A brief description of the institution's scholarships for low-income students:

All students are eligible for our merit awards which range from $7500 to $18,000. A Cristo Rey (by definitional all students are high need) Scholarship program has been established and five full tuition, room and board scholarships are awarded each year. The scholarship is good for all four years.
All students that demonstrate some financial need are provided some support from Loyola.


A brief description of any programs to guide parents of low-income students through the higher education experience:

The Office of Undergraduate Admission and the Financial Aid office conduct numerous outreach events with both prospective parents and students about the college experience, including presentations at Open House and Orientations; FAFSA Completion Days; presentations at financial aid nights at area high schools; outreach to inner city schools.


A brief description of any targeted outreach to recruit students from low-income backgrounds:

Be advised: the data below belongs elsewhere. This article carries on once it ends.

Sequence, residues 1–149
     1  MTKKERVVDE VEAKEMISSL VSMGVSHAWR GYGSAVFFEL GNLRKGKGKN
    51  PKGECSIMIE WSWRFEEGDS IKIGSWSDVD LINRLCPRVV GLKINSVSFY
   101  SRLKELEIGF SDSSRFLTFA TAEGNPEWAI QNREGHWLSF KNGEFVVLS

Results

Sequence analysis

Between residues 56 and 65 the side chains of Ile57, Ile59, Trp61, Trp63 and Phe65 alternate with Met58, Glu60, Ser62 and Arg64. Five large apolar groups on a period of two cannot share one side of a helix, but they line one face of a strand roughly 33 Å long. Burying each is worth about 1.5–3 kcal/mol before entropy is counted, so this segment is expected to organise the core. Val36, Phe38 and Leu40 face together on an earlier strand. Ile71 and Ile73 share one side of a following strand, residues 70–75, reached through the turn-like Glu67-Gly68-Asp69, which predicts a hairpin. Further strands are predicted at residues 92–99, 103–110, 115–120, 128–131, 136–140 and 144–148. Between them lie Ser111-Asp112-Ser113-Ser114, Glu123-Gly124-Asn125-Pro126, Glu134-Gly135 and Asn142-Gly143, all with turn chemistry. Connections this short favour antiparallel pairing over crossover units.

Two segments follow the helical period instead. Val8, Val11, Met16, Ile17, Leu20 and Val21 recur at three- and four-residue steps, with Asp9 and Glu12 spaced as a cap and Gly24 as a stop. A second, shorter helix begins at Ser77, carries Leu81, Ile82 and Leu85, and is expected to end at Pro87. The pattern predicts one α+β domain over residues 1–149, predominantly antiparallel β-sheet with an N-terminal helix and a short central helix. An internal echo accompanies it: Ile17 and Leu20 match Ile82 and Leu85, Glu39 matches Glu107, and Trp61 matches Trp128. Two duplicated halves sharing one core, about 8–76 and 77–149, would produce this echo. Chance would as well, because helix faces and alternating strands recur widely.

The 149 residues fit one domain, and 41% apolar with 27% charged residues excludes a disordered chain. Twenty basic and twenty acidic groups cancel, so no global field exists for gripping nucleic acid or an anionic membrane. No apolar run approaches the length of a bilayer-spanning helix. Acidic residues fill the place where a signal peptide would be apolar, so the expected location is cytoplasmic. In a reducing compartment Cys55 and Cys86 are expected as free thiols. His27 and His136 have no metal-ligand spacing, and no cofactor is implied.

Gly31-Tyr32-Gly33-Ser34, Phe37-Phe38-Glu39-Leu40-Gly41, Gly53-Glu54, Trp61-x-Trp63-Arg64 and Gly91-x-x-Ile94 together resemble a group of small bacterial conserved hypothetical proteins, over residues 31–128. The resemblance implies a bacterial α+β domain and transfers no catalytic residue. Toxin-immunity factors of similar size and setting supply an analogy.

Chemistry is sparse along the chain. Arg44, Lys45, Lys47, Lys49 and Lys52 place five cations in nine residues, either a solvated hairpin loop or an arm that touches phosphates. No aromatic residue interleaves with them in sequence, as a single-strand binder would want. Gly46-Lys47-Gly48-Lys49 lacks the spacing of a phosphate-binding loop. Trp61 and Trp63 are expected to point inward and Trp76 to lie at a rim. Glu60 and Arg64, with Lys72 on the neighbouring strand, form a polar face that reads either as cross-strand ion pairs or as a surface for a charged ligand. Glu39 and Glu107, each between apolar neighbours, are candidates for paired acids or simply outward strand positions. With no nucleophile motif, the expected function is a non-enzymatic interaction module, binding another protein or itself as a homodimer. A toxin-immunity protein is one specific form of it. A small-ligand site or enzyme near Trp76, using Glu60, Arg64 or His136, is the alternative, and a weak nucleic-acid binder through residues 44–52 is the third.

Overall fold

The following is a sample of organizations we partner with for outreach efforts:

LINK Unlimited
Daniel Murphy Scholarship Foundation
Gear-Up
AVID – Advancement Via Individual Determination
Kappa Leadership Institute
Urban Students Empowered
Chicago Scholars
Next Generation Venture Fund
National Hispanic Institute
Give Something Back Foundation
CPS/Gates Millennium Scholars
Instituto Health Science Academy/Project Exploration
Cristo Rey Network Schools
Senn High School along with the School of Education


A brief description of other admissions policies or programs to make the institution accessible and affordable to low-income students:

Bridge to Loyola program for students how may not have had the access to college prep curriculum at the high school level and need academic support starting the summer prior to the freshman year and throughout the first year.


A brief description of other financial aid policies or programs to make the institution accessible and affordable to low-income students:

On- on-one financial aid counseling; working directly with Bursar to get student on a budgeted payment plan; financial literacy programs; social media campaigns via Twitter and Facebook.


A brief description of other policies and programs to make the institution accessible and affordable to low-income students not covered above: